Great customer service ain’t what it used to be. You call a company and have to go through several menus to get to the department you desire. Once connected you are put on hold; listening either to elevator music or, as a friend of mine told me, the same song over and over again so it stuck in his head long after the line had been answered. Waits can be twenty minutes or even an hour before one speaks to a human voice. And, often that first person you speak to cannot solve the problem at all.
New Paradigm of “Great Customer Service”
The new paradigm of great customer service means sometimes where you are sent to another department altogether. This is another twenty plus minutes listening to music or plugs for the company. Sometimes you are actually transferred to a supervisor. And, far too often you’re speaking with someone who is rude and could care less if you terminated your business with the company. I’ve had that experience with phone companies, cable companies, credit card companies, and others where there is stiff competition. You’d think they would do everything in their power to retain your business, rather than trying to get you back. It used to be the case these companies would bend over backwards to keep you a loyal customer. Aren’t they aware there are numerous other choices? Why don’t they care about service, let alone the great customer service that we expect?
Enough complaining. I’ve made my point. As a small business owner – I run my own specialty publishing company, Gauntlet Press – great customer service is my number one goal. A happy customer will usually return even if he/she was initially irate. Here are some tips to keep your customers happy and achieve great customer service.
1 – Customer Friendly Website
Have a customer-friendly website with your contact information at the top, easily visible (a link to how the customer can reach you). I’ve had problems with Amazon.com and the listing of books I’ve provided them. It takes me twenty minutes to even find a way to contact someone who can assist me. It’s a chore and if I was a customer with a concern I wouldn’t take that much time. I would buy from someone else in the future because of the lack of great customer service. Other websites provide no contact information (or outdated useless info). No email address. No phone number. I deal with authors and their agents. If I can’t contact an agent an author may end up losing money. So, make your contact information prominent and easy to find with a link on your homepage.
Make sure your website is customer-friendly. I had to replace my website of fifteen years because it wasn’t compatible with current technology. Striving for great customer service, I wrote down everything I liked and disliked in websites I visited. The new Gauntlet Press website is user-friendly. It’s not complex. The homepage is short. Ordering has been simplified using current technology. There is a contact form so a customer doesn’t have to email me but can ask a question on the website and I receive an email. I’m sure you can imagine how frustrating it is to have to spend ten or more minutes to find what you want on a website. Will you return? Probably not. So, construct your website as if you were a customer.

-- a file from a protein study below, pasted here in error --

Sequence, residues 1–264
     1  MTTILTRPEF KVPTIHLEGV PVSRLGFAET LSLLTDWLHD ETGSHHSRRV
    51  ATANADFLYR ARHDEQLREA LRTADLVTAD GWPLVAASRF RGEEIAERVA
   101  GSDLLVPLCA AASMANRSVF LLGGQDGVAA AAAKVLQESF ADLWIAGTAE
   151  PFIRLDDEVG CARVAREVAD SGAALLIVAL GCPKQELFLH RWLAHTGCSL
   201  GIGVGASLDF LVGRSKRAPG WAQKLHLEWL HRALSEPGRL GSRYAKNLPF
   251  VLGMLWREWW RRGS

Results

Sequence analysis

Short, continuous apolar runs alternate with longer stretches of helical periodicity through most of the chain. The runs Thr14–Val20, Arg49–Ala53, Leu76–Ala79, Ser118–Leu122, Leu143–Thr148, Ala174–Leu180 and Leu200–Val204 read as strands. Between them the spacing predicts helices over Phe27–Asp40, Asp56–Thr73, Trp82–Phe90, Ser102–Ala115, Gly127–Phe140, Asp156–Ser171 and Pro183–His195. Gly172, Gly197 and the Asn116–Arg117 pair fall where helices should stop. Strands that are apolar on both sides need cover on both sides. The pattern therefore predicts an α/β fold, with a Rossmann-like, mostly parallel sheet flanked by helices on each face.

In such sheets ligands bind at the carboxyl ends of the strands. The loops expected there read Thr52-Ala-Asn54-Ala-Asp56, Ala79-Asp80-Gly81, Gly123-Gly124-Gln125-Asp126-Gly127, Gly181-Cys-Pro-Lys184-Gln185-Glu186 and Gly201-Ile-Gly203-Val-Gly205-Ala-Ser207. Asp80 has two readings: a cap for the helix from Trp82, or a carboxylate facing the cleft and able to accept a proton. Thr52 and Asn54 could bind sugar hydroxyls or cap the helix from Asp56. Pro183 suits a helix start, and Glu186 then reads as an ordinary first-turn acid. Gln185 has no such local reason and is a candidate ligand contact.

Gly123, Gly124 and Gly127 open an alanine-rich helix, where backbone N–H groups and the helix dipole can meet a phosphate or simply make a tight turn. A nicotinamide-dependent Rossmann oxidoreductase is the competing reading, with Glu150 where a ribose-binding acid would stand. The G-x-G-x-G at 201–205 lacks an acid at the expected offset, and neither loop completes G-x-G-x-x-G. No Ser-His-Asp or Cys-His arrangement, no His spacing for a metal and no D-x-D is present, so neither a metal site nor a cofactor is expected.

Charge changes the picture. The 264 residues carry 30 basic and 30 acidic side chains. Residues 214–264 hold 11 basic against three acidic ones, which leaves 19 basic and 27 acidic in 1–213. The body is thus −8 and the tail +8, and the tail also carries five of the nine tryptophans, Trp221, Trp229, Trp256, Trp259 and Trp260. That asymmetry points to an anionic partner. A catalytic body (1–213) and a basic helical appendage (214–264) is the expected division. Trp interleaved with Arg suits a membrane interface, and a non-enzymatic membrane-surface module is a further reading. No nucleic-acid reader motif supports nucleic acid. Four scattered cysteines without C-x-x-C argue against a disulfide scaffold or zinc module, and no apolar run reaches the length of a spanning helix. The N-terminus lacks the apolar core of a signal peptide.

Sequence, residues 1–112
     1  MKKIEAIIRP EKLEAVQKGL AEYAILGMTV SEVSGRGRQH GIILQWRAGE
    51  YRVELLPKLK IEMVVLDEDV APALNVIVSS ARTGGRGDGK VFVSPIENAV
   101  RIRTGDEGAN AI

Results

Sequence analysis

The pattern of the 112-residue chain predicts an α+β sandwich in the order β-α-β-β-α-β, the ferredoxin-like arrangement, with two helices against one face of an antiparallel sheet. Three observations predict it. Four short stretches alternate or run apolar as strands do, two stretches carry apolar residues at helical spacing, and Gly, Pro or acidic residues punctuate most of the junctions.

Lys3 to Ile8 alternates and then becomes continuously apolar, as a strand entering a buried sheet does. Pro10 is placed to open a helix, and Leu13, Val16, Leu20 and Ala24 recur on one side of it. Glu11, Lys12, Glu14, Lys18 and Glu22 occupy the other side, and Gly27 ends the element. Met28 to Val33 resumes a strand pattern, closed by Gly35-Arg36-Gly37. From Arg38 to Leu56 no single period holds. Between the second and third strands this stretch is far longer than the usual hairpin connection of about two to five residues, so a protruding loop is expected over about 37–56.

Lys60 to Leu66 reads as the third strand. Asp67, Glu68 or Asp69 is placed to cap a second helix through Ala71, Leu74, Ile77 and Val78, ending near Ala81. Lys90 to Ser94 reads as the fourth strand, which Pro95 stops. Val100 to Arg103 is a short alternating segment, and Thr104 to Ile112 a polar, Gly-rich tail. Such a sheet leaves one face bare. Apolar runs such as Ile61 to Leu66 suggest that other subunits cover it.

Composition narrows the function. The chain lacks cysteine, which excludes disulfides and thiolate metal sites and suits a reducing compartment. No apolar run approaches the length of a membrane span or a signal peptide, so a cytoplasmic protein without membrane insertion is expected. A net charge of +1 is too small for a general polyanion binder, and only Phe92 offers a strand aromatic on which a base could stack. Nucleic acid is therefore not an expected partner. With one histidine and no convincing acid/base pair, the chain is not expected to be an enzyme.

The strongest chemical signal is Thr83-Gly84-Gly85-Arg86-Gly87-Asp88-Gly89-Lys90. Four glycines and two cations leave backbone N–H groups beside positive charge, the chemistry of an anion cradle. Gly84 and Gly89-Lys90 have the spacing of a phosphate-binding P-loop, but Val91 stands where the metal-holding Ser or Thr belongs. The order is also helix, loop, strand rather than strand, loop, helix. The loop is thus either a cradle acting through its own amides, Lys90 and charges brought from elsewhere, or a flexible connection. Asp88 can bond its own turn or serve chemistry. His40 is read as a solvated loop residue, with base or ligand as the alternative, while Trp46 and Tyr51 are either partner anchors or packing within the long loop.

2 – Happy Customer = Great Customer Service
A happy customer is a return customer. I get numerous emails and make it my policy to respond to all within twenty-four hours (usually less). I often get responses back like “I didn’t think you would get back to me so quickly.” These customers have had bad experiences with others and I hit the ball out of the park, so to speak, simply by responding quickly.
Next, to provide great customer service, always be polite and professional in your response. Sometimes a customer can be really irritating: “You never sent my book! Get it to me now!” In most cases the book was sent or there was a valid reason I couldn’t send it yet. I could tell the customer he or she would get a better response if he/she was polite. But, I bite my tongue and reply professionally. I explain the situation without chastising the writer. Recently, a customer who sent such an email later apologized when his book arrived an hour after he shot me his email. Not everyone is polite or tactful. Don’t take the bait to reply in kind. Be the bigger person and you’ll keep the customer.
And while on the subject of email, if you’re going to be out of your office for several days or a week leave an “away message.” I’ve emailed people and after a week sent a second email. Too often I get a response “I was out of town! Give me time to catch up.” A simple “away message” would have been enough for me to remain patient. I’m no mind reader, however, so without an “away message” how was I to know the person was out of town?
To read more tips from my guide to providing great customer service, check out the continuation with A Guide for Great Customer Service -Part 2-.